Coggin discovered after eight years of marriage that her husband was a spy - when he was arrested by the FBI. This is the true story of what happened to her and her children as she fled to start a new life in Ireland.'
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There won't be many stranger books published this year than The Spy's Wife. Janet Coggin was an ordinary middle-class girl growing up in Devon in the 1950s when she was swept off her feet by Dieter Gerhardt, a good-looking South African naval officer. He was everything she wasn't--sophisticated and worldly-wise--and within a comparatively short period of time they got married, had three children and went to live in South Africa. So far, so normal. Except after eight years of marriage, Dieter takes her out for a walk, tells her that he's a top KGB spy and tries to recruit her with the bizarre sales-pitch-- "You'll be a good courier as you love foreign travel." Unsurprisingly she declines, whereupon he says they will have to separate as Moscow have given him orders to have a spy-wife. So they have a tearful farewell and off she goes to Ireland with the kiddies where she spends the next 20 years under constant KGB surveillance. Most marriages have their secrets, but being a KGB spy takes some beating, so it's hard to understand how Coggin failed to realise that something was not quite right in her relationship. It wasn't as if her husband was particularly discreet even. On one occasion she caught him bursting out of the airing cupboard where he had been developing a microfilm and on another he threatened to kill her if she ever crept up on him again from behind.
Coggin explains her refusal to confront her husband over his behaviour as the natural by- product of the fact that naval officers often kept odd hours and acted bizarrely. This is at best a partial explanation. She was clearly very much a 1950s woman, someone who felt women were there as an adjunct to men and that it would have been disloyal to challenge him. But more than this, she must have had a need to believe that everything was hunky-dory--a psychological denial, in fact--that enabled her to disregard the evidence in front of her.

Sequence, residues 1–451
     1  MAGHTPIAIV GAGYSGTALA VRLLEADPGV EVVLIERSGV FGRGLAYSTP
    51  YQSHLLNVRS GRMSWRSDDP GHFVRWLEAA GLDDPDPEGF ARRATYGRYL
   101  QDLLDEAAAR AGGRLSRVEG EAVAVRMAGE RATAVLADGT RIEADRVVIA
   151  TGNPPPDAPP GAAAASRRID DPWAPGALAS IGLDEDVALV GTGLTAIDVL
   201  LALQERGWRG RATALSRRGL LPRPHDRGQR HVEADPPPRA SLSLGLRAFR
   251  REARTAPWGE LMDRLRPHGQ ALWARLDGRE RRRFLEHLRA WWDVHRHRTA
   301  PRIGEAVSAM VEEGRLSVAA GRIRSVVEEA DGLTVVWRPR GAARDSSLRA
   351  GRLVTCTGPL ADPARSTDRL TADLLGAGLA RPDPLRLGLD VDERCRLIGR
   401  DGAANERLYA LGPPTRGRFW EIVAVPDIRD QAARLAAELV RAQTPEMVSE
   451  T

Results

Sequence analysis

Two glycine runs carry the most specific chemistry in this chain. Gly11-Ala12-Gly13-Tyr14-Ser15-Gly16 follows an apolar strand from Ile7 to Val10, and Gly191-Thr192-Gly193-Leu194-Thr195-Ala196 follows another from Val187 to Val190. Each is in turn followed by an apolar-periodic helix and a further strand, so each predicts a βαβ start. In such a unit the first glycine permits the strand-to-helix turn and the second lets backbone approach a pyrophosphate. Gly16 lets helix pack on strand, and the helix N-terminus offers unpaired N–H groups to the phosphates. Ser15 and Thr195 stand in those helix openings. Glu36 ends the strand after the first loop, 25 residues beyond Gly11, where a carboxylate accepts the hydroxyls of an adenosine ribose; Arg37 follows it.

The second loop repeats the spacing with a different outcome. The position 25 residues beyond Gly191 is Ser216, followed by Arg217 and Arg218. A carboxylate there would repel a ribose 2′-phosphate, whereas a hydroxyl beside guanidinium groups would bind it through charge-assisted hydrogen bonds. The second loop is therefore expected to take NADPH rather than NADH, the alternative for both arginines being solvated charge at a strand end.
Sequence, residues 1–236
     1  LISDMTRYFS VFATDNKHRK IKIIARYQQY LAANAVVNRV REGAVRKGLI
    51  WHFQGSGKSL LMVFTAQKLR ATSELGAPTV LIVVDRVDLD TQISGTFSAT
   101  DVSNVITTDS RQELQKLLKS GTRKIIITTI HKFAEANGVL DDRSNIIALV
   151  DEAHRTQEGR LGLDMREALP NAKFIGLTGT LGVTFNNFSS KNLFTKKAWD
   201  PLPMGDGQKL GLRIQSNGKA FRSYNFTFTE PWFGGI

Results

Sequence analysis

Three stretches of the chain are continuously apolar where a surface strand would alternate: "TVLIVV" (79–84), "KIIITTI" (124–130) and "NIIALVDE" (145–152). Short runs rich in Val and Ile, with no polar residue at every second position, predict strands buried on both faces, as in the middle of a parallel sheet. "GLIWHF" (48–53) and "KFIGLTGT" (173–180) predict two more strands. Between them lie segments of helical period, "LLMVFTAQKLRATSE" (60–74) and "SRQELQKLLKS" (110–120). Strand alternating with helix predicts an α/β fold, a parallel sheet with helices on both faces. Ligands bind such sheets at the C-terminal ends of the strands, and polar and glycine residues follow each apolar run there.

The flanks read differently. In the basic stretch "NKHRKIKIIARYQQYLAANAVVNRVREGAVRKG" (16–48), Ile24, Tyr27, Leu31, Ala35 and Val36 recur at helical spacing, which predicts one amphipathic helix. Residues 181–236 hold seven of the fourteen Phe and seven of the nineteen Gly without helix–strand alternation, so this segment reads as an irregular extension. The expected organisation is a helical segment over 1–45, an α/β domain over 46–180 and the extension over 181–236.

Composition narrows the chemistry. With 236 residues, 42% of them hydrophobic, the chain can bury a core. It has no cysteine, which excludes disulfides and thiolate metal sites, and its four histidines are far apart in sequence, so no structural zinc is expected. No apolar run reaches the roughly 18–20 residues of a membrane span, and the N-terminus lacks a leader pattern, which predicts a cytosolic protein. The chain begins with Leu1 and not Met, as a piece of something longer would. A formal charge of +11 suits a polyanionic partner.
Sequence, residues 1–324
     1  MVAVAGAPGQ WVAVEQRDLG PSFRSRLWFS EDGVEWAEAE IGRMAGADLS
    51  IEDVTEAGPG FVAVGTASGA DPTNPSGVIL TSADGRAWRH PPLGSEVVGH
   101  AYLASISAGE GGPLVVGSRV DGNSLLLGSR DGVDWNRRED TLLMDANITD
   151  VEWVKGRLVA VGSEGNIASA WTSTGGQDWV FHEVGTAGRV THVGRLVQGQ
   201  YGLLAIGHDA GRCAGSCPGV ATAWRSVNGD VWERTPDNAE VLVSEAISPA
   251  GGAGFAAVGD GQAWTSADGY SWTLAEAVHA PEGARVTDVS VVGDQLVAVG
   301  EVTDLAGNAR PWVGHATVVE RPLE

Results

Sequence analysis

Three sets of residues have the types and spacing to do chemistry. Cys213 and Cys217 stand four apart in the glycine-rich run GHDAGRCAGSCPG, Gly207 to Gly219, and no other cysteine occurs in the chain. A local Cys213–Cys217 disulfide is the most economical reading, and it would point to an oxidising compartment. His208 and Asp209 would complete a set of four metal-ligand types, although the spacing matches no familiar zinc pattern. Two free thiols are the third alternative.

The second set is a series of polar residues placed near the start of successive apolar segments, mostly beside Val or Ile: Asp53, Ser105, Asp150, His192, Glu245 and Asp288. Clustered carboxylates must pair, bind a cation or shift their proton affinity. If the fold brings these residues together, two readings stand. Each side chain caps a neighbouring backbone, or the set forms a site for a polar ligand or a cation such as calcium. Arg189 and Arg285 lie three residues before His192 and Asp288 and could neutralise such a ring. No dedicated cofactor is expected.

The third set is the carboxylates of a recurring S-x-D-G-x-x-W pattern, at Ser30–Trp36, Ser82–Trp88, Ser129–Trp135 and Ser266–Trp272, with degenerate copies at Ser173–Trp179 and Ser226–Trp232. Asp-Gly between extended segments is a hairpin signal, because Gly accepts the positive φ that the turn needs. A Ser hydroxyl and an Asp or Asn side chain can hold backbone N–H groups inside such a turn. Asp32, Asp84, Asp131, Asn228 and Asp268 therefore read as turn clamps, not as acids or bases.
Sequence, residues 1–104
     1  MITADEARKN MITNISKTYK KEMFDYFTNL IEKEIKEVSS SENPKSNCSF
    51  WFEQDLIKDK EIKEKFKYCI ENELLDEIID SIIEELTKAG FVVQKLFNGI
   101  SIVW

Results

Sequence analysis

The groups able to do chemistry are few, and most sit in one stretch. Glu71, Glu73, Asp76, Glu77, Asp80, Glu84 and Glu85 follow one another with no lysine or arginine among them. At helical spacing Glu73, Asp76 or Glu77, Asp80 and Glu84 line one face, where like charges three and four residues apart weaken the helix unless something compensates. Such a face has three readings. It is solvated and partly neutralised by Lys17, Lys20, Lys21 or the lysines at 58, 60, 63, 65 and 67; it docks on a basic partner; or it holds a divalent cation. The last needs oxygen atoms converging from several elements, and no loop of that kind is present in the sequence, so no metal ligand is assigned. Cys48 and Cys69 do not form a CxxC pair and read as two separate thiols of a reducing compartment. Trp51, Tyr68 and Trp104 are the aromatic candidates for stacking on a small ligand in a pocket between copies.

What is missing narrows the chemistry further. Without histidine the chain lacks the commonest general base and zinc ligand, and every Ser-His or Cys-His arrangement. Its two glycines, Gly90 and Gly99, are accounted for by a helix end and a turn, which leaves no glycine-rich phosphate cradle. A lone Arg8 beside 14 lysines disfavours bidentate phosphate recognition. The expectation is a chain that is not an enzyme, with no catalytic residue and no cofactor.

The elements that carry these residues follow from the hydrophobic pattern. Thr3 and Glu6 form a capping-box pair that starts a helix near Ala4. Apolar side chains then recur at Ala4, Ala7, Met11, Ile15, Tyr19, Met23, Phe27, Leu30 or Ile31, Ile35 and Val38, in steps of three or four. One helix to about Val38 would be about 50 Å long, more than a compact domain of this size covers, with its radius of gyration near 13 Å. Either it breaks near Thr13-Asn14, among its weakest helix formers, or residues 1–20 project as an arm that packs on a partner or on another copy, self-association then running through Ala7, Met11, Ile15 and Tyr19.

It is the absence of emotion that is ultimately the most disturbing element of this book. Coggin was lied to from day one and had hers and her children's life wrecked by this man and yet she claims never to have felt angry or bitter about the experience. Indeed, she writes throughout with a strange calm, saying "why get angry about things you can't change." But since when did the emotions respond to rational suggestion? Similarly, even though the book is trailed as a true memoir, Coggin writes in the third person, with her name changed to Lilian and Dieter's to Carl. It is as though she needs to create an impersonality, a distance, between herself and her subject matter because she could not bear what she might find if she allowed herself to get too close. Given the subject matter, one can understand her hesitance, but one can't help feeling it would have been a better book if she had allowed the floodgates to open. But never mind. It's still well worth a read anyway, if only to get you thinking of what you might be turning a blind eye to at home. --John Crace
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Book Description Constable and Robinson, 1999. Hardcover. Book Condition: New. Bookseller Inventory # DADAX0094794901
Book Description Constable and Robinson, 1999. Hardcover. Book Condition: New. Bookseller Inventory # P110094794901